Second- and third-generation Russians are extremely important to Russian Baptist parents and church leadership.
“We really want our children to be saved; and we are doing everything we can to keep from losing our children” Mileyev declared. “We are spending a lot of time instilling our Christian values into the hearts of our youth. Our students speak English and we must develop worship experiences and ministries to meet the needs of these second- and third-generation Russians who speak English.
“And we have come to realize that our primary responsibility is right here in our Jerusalem and Judea. San Francisco has 100,000 Russian-speaking people, but only one Slavic church.”
Additional statistics show there are 5.5 million Russian-speaking people in the U.S. and an estimated 600,000 Russian-speaking people in Southern California.
“We are in the process of starting churches in San Jose and Monterey as well as in Reno and Las Vegas,” Mileyev noted. “These churches will not be started with a core group from other churches, but we will start them by reaching unbelievers.
“We support mission work overseas, but our first task is to reach people here. No one else can do it better than we can. We know the language, the culture, the background and the mindset of the Russian people,” Mileyev explained.
“Doing mission work overseas may be more adventurous and exotic, but missions begin at home; and God will probably hold me more accountable for reaching my next door neighbor than someone in Kiev, Ukraine. It would be hypocritical to go across the ocean and witness if I don’t do it here.”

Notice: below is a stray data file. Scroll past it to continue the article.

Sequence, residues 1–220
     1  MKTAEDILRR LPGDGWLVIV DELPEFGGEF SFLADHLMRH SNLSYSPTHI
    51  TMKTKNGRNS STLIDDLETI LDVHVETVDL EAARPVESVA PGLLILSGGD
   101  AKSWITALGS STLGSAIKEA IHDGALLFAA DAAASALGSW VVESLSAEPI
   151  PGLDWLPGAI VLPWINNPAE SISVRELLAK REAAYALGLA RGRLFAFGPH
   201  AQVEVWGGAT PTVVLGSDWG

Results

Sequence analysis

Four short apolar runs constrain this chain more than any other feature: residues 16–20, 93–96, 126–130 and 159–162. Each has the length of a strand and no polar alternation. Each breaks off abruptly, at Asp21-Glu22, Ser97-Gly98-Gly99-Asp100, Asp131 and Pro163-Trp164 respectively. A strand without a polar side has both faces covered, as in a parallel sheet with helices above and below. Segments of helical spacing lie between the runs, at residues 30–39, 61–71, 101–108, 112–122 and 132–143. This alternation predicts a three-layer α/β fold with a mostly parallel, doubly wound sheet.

Russian Baptist Church in West Sacramento is one of about 40 Slavic Baptist churches in the greater Sacramento area, which has a population of more than 100,000 Russian (Slavic) people.
Several Russian Baptist churches were started in California after WWII when refugees began finding their way to America.
“For some reason Baptists and Pentecostals were persecuted in Russia more than any other religious group except for the Jews,” Mileyev noted.
“The last wave of refugees or emigrants came after perestroika in the late 1980s and early 1990s. Most of them came from Russia and Ukraine, resulting in the establishment of a good number of Russian Baptist churches.”
Pavel Khakimov is senior pastor of the West Sacramento church, but only preaches twice a month. He preaches and administers the Lord’s Supper on the first Sunday and preaches again on the third Sunday. However, the church has multiple services and at least two sermons in each service. By the end of the month as many as 24 men, including pastors and deacons, will have filled the pulpit.
Russian Baptists rarely lack for leadership, because they insist on their men being able to testify and preach soon after their conversion. The congregation has as many as 50-60 men who are called upon to preach in the worship services. When a church needs to be planted a reservoir of gifted men is always available to help with the new church start.
“We must stay focused and be faithful and not be ashamed of the Gospel of Christ,” Mileyev declared. “It does not matter where we live or how popular we are. When we unite in Christ, we can do more and be more effective than we can be separately.”